The Guyana-Suriname basin is viewed by analysts in the oil and gas industry as potentially the last major frontier for billion-barrel plus deepwater discoveries. The world-class Liza discovery in 2015 was the biggest offshore oil strike made in a decade at the time and remains unparalleled to this day for deepwater success around the world.
According to Westwood Global Energy Group, current projections for 2021 suggest that activity should at least match the 70 wells in 2020 with the potential to be higher and up to 100, with drilling plans still being fluid and expected to firm up in the first quarter of the year.
In a recent webinar with focus on the state of exploration 2021, the energy market research and intelligence company said much can happen in the exploration world in the coming years. “So, we can see Total, and Exxon are both expected to drill around 15 high impact wells each. They’re going to be the most active followed by Shell,” said Jamie Collard, Senior Analyst at Westwood.
Exploration hot spots for 2021 are mainly in the Americas, particularly offshore Mexico, the Suriname-Guyana Basin, and offshore Brazil. Westwood is projecting that there would be more focus on oil prospects, with ~83% of wells expected to target oil. These include Mexico’s Campeche Salt Basin (>10 wells), Brazil’s pre-salt (5-6 wells), Suriname-Guyana (>10 wells) and the North Sea (>5 wells).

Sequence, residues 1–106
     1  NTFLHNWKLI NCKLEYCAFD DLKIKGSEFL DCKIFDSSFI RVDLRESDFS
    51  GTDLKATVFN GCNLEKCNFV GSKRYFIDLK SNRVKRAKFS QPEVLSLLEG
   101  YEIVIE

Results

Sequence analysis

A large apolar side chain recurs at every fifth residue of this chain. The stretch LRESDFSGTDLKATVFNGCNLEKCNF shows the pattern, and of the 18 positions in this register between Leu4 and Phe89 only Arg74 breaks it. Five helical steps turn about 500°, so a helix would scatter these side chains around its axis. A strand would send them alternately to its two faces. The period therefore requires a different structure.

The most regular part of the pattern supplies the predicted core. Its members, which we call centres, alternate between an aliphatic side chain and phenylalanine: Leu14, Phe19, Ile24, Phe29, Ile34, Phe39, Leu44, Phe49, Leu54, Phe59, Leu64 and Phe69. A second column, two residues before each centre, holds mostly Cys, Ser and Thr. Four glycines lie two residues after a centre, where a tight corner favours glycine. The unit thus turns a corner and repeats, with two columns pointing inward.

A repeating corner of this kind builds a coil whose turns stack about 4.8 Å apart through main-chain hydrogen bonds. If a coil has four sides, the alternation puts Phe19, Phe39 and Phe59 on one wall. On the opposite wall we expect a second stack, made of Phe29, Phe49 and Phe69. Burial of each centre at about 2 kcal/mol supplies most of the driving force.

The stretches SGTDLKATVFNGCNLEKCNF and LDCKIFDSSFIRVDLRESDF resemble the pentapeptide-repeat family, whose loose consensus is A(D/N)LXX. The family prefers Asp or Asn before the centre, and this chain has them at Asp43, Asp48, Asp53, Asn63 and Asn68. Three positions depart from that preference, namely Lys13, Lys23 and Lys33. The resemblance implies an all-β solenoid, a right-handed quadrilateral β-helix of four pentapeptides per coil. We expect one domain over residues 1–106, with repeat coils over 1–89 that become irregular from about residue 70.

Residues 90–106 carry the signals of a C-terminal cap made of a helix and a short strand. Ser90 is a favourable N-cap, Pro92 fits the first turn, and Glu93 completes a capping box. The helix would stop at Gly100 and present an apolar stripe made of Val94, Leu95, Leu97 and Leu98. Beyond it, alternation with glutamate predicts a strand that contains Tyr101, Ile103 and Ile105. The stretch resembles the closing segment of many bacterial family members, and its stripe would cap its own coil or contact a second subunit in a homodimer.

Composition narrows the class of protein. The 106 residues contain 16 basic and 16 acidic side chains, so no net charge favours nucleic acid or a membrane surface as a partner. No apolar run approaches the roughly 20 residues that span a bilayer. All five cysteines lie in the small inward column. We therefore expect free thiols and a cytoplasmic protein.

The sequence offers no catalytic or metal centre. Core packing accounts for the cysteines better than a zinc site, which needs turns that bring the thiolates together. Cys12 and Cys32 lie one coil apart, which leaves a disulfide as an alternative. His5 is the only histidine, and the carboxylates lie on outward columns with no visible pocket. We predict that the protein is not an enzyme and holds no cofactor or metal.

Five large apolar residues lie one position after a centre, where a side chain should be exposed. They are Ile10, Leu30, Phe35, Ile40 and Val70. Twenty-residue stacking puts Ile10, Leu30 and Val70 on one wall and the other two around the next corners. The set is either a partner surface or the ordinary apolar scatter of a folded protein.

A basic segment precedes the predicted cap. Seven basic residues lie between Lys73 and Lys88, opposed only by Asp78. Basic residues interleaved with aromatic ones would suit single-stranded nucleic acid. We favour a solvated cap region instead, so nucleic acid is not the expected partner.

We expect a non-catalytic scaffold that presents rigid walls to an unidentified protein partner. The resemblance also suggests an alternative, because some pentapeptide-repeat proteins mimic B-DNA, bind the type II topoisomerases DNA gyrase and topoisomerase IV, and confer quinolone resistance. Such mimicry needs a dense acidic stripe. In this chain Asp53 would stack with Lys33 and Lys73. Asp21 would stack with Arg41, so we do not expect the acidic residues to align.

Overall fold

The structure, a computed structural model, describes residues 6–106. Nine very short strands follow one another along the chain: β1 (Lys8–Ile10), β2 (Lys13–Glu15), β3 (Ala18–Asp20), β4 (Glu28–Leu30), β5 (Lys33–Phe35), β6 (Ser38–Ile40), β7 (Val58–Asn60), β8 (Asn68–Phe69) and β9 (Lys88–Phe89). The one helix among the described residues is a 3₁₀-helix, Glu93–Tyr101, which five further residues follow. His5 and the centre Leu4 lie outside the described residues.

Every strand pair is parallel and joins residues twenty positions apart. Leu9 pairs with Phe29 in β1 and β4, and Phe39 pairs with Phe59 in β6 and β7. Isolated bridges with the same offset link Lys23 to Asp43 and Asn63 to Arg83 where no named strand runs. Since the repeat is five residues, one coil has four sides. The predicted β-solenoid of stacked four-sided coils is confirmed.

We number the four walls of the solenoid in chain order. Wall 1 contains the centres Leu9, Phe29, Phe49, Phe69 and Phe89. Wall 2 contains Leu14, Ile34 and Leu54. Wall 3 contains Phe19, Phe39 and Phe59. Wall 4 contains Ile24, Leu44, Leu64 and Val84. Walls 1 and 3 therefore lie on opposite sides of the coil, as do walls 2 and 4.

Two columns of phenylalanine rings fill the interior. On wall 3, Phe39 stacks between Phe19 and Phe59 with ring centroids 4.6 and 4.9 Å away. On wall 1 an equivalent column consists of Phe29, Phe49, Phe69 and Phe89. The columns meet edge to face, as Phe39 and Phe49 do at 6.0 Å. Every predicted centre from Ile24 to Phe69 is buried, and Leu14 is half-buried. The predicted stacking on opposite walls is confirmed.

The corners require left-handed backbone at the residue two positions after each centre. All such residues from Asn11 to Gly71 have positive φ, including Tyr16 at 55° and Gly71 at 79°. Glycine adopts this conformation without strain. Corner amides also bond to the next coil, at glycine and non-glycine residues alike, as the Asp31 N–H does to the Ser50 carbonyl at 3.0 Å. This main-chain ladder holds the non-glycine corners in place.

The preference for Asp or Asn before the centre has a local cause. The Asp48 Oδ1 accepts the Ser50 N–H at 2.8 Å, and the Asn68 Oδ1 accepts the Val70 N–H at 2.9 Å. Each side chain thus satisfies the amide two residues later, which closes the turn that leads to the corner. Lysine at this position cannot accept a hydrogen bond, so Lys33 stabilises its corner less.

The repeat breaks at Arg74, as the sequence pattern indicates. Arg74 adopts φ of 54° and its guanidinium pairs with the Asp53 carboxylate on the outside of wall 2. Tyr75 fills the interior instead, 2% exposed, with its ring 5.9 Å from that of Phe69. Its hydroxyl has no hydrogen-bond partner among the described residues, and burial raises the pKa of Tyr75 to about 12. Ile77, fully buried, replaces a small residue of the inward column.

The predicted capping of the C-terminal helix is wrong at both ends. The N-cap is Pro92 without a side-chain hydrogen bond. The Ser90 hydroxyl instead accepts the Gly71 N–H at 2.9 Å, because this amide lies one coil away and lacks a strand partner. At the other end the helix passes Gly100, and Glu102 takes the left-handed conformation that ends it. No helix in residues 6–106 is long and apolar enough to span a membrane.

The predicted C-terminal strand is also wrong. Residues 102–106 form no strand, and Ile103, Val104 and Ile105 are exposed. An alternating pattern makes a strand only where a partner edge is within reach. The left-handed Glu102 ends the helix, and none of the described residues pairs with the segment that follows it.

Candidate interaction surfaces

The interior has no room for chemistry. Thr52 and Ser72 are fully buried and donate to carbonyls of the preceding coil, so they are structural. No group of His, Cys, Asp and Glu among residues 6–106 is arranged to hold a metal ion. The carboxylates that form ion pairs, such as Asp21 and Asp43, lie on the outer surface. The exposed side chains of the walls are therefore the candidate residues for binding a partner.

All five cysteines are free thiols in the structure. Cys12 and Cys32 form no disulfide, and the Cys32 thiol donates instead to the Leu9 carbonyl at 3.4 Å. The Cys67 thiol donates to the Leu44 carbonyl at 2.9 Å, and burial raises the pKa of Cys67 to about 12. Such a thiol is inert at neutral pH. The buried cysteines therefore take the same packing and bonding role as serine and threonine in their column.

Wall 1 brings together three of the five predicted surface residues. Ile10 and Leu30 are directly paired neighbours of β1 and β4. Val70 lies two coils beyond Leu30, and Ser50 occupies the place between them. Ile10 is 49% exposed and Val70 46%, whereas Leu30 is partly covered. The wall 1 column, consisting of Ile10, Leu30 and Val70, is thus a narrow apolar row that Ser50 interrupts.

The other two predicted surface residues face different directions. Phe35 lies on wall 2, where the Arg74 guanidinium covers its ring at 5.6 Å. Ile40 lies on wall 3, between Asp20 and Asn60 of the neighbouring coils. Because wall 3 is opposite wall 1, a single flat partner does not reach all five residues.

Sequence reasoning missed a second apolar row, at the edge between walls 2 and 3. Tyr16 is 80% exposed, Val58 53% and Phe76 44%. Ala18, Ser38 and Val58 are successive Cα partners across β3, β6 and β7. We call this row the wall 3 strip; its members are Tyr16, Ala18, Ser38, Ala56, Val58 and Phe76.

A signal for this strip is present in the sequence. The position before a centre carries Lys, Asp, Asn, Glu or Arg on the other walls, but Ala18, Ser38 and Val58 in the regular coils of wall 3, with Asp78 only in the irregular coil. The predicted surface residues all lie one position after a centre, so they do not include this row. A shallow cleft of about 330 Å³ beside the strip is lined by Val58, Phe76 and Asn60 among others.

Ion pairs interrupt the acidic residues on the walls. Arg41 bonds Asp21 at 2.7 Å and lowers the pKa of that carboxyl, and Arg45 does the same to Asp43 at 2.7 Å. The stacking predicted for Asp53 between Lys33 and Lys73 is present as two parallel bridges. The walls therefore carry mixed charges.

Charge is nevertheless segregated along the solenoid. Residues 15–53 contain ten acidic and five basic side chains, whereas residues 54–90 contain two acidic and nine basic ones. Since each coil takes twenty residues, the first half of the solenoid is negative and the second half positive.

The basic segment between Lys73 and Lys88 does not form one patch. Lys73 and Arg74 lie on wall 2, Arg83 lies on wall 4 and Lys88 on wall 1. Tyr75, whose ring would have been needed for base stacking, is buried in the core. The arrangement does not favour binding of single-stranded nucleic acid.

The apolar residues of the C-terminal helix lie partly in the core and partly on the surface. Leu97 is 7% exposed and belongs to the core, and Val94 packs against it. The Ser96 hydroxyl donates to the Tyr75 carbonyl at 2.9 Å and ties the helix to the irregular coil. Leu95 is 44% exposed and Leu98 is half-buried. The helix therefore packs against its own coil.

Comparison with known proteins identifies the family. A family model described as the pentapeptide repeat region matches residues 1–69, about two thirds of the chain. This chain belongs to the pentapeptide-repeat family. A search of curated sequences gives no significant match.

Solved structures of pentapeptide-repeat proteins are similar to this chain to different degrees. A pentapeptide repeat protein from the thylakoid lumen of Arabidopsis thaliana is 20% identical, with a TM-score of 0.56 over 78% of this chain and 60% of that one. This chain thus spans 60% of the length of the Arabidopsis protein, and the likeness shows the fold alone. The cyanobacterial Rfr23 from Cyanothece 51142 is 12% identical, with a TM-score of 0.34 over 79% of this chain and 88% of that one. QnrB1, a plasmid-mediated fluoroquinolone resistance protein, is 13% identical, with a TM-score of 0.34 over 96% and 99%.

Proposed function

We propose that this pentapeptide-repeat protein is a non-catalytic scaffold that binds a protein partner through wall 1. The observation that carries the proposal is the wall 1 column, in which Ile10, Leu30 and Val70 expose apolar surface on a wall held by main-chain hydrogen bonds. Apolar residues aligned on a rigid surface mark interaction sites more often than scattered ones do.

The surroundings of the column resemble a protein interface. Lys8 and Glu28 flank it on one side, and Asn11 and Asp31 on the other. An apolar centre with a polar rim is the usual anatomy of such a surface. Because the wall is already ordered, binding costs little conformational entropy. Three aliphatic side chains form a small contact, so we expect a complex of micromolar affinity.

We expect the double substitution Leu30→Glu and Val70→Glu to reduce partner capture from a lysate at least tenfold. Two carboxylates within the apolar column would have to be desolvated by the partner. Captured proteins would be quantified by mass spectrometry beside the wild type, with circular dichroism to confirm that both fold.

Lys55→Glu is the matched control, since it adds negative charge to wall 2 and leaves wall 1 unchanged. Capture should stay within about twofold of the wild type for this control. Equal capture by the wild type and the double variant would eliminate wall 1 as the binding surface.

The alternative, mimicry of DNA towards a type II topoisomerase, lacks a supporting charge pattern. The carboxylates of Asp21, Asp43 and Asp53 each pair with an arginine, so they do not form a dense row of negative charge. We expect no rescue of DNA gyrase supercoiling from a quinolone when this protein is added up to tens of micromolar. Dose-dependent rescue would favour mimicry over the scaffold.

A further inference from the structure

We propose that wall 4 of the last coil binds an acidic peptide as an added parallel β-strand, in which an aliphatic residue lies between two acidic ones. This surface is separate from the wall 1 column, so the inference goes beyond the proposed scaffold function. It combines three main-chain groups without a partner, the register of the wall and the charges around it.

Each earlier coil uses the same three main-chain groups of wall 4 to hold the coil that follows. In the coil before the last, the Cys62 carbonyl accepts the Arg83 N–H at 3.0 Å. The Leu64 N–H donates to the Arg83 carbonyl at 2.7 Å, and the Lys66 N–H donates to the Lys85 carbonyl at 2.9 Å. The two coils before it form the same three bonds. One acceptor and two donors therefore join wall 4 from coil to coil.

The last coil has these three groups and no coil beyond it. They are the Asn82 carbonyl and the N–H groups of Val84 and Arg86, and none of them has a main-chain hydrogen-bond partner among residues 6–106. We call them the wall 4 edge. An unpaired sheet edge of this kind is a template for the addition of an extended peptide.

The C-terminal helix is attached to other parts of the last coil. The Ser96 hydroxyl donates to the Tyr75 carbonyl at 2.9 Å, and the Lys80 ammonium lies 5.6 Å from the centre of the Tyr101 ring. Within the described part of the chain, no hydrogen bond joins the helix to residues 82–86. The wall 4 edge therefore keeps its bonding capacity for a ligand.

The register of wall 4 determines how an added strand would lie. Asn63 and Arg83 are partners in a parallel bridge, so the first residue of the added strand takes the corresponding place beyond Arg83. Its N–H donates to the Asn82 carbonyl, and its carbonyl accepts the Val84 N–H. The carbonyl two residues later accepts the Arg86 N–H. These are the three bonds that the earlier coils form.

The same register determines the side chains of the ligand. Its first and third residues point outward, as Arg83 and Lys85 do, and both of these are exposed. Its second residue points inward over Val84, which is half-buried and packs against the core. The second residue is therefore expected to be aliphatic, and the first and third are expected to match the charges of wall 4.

In Guyana, Stabroek block operator ExxonMobil said it plans to pursue an aggressive exploration and appraisal drilling programme this year, even as it lay the groundwork for start-up of the Liza Phase 2 development offshore. This follows the giant Liza-1 world-class discovery back in 2015 which Westwood said opened up a potential ten-billion-barrel oil province, the first since the presalt Santos in 2006.
Westwood said with the exception of Guyana and Suriname, the oil plays have generally been more limited in size. None of the plays that have been discovered since Liza in 2015 has even come close to delivering a multi-billion-barrel result.
“So, if you consider that frontier exploration has been so poor, combined with Westwood forecasting fewer frontier wells in 2021 and the oil plays that have been discovered have been relatively limited in scale, this really highlights how the emerging play options are shrinking and begs the question, could Liza be the last multi-billion-dollar barrel oil play?” collard posited.
OilNOW understands that in the nine years between Tupi and Liza, more than 250 companies participated in over 350 frontier exploration wells globally with ~70% of these targeting oil plays and more than half attempting to open new basins.